Understanding our oceans: How and where do fish swim?

Bangor University’s Schools of Ocean Sciences, Electronic Engineering and Computer Science, working in collaboration with company partner Tidal Lagoon Power, are looking for a computer science student to help them build an autonomous vehicle that will answer questions that have bugged ecologists and fisheries scientists for years – how and where do fish swim? The new project being developed by SEACAMS, Bangor University and funded by KESS 2 aims to track small marine fish to understand where they swim in a way that has only been applied to large sharks.

The project was born out of the Tidal Lagoon Power’s interest in earmarking certain sites around the world to harness the power of the tides to generate electricity.

In order to understand the ecology of the area and to gain consent for any development, an environmental impact assessment has to be conducted.  Part of this would be to understand the migratory patterns of salmon, sea trout and other coastal water species.

Saithe & Pollack Fish

Saithe and pollack

Current technology sees fish fitted with tags which emit a signal that is picked up by acoustic receivers moored on the seabed in order to try to track the movements of fish as they move through the area.  This method is costly and logistically challenging, providing only a snapshot of the actual movements of the fish.

Tidal Lagoon Power, interested in exploring alternative research methods to address this issue, engaged with the SEACAMS team at Bangor University, to explore the use of Autonomous Underwater Vehicles (AUV’s) in tracking fish. The company said: “We see this as the future in fish tracking and if we can develop a low cost solution there is enormous potential for science beyond our projects and real potential for commercialisation. We are very keen to develop, test and deploy this technology as soon as possible and with the fantastic team assembled by SEACAMS and Bangor University this is definitely achievable.”

Large sharks have been successfully tracked using this kind of technology and this project will be looking to see if this can be applied to small migratory fish such as sea trout, and other coastal species.

The AUV will track using acoustics, and once locked on to the signal of the tag carried by the fish, will actually move along behind the fish logging its position as it goes, giving a fuller picture of how the fish is using an area.  The scientists hope that the vehicle will be able to track a fish for a number of days.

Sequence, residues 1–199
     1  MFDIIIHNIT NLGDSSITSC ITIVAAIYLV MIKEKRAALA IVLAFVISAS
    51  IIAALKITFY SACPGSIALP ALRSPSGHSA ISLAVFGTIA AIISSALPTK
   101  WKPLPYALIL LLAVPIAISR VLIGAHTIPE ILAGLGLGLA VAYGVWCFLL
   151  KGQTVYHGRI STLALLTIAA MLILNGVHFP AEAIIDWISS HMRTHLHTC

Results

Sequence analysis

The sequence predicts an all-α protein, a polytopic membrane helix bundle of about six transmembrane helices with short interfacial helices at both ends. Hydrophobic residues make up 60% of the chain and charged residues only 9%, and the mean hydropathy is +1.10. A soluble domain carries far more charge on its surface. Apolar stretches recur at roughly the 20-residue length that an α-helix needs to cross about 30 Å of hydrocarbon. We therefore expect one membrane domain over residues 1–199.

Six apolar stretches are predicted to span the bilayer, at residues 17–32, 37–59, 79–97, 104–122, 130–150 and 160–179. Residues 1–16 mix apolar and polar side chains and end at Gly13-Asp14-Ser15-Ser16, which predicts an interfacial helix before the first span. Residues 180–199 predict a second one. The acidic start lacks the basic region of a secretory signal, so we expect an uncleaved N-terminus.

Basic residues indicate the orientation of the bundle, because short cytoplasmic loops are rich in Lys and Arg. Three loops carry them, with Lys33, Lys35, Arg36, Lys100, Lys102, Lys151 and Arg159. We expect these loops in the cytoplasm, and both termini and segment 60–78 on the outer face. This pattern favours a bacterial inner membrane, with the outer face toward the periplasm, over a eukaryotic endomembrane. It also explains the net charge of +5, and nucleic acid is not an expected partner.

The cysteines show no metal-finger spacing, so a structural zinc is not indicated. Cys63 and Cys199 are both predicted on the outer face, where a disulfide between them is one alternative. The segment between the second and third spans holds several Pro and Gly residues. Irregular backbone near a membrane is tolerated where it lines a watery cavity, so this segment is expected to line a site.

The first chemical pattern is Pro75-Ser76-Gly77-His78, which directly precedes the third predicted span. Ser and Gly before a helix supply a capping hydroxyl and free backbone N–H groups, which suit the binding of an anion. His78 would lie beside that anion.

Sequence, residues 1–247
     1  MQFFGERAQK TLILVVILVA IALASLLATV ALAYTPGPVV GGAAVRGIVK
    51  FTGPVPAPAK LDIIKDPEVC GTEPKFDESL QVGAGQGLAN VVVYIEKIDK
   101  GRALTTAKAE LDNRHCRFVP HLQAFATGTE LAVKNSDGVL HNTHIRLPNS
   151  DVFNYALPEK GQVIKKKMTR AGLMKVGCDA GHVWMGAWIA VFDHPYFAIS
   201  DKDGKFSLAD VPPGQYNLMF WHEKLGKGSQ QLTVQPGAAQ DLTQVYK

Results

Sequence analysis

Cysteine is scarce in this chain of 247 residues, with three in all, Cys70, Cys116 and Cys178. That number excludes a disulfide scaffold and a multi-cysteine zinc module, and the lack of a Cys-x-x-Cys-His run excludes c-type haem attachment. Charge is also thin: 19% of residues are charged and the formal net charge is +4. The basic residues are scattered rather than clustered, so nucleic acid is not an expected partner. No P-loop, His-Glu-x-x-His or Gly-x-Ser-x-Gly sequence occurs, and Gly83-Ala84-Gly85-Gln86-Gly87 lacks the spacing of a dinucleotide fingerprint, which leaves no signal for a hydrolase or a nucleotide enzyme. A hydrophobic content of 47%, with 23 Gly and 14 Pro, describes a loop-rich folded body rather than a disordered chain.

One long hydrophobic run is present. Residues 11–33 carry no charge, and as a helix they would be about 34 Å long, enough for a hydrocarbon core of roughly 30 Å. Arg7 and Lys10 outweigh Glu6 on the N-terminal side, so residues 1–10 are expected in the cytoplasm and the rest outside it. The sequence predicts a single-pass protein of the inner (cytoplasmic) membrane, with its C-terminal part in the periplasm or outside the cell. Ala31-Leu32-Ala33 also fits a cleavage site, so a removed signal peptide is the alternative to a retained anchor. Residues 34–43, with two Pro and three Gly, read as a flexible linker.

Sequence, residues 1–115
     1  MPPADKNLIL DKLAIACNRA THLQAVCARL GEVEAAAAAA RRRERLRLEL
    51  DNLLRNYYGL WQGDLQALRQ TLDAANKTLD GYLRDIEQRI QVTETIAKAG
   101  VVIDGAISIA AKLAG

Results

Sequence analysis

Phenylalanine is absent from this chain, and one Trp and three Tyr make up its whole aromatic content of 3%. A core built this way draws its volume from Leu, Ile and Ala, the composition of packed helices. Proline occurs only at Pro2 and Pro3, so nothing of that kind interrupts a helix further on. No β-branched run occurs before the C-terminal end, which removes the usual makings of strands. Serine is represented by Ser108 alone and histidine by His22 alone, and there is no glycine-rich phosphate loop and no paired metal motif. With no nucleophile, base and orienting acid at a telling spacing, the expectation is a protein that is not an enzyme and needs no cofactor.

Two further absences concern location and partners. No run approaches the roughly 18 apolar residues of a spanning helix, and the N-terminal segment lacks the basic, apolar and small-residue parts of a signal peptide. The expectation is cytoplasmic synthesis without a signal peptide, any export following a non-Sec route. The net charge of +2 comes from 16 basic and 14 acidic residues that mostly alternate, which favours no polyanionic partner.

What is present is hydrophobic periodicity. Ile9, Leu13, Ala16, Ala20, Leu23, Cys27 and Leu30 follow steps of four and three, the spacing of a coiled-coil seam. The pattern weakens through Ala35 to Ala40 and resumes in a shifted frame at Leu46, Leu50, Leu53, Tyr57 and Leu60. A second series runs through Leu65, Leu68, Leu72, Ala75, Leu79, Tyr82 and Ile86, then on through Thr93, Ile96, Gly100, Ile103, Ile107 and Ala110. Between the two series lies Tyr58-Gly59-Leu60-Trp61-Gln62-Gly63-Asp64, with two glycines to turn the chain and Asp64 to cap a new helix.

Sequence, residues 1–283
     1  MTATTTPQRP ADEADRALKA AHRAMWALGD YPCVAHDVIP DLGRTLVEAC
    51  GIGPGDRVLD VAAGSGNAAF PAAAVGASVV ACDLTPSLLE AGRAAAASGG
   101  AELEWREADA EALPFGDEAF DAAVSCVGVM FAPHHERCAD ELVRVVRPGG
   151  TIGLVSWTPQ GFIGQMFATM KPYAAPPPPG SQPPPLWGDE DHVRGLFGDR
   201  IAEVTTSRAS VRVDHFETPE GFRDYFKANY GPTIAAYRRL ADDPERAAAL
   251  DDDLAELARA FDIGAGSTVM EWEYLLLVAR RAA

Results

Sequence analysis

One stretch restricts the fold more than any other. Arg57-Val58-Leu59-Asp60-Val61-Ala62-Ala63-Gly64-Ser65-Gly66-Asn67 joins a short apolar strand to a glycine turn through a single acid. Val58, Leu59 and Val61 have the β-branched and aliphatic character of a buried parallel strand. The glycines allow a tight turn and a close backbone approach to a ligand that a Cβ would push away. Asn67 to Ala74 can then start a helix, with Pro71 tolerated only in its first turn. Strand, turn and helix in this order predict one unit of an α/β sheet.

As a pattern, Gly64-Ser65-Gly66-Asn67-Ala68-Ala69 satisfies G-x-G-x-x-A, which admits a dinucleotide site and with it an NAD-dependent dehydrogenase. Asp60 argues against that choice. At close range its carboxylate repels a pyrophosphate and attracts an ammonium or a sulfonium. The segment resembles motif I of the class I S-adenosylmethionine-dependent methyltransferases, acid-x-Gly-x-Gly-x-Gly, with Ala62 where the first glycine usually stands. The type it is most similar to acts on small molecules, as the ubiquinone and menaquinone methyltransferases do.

Understanding how fish move around our seas has been a gap in knowledge that has challenged ecologists for years; Jenny Whitmore, Researcher at the School of Ocean Sciences said: “This project has huge potential to answer questions relating to the conservation of protected species, stock and habitat assessments, marine planning and fisheries ecology; we hope that the technology we develop can be applied to a variety of species in a range of different environments.”

Dr Iestyn Pierce from the School of Electronic Engineering said: “It is very exciting to think that one of our students will be filling the knowledge gap that exists in this area and could pave the way for further understanding of the secret world of fish.”

Dr Bill Teahan from the School of Computer Science continued:  “the successful candidate for this exciting project will be writing cutting edge software and working with scientists from different disciplines to deliver the technology”.

Other academic collaborators, based in the UK and overseas are in discussion with the team who aim to bring together expertise on all aspects of this exciting project. RS Aqua, a commercial partner specialising in marine instrumentation and acoustic equipment are providing equipment and technical advice as the project moves forward.

Knowledge Economy Skills Scholarships (KESS 2) is a pan-Wales higher level skills initiative led by Bangor University on behalf of the HE sector in Wales. It is part funded by the Welsh Government’s European Social Fund (ESF) convergence programme for West Wales and the Valleys.

Want to take part in this exciting project?

Full details of the KESS 2 funded 1-year MRes studentship can be found here : https://kess2.ac.uk/buk2129/
The closing date is at midnight on 1st. December 2017.

For further details please contact KESS2@bangor.ac.uk or call 01248 382266

Story originally published on the Bangor University news page, 7th August 2017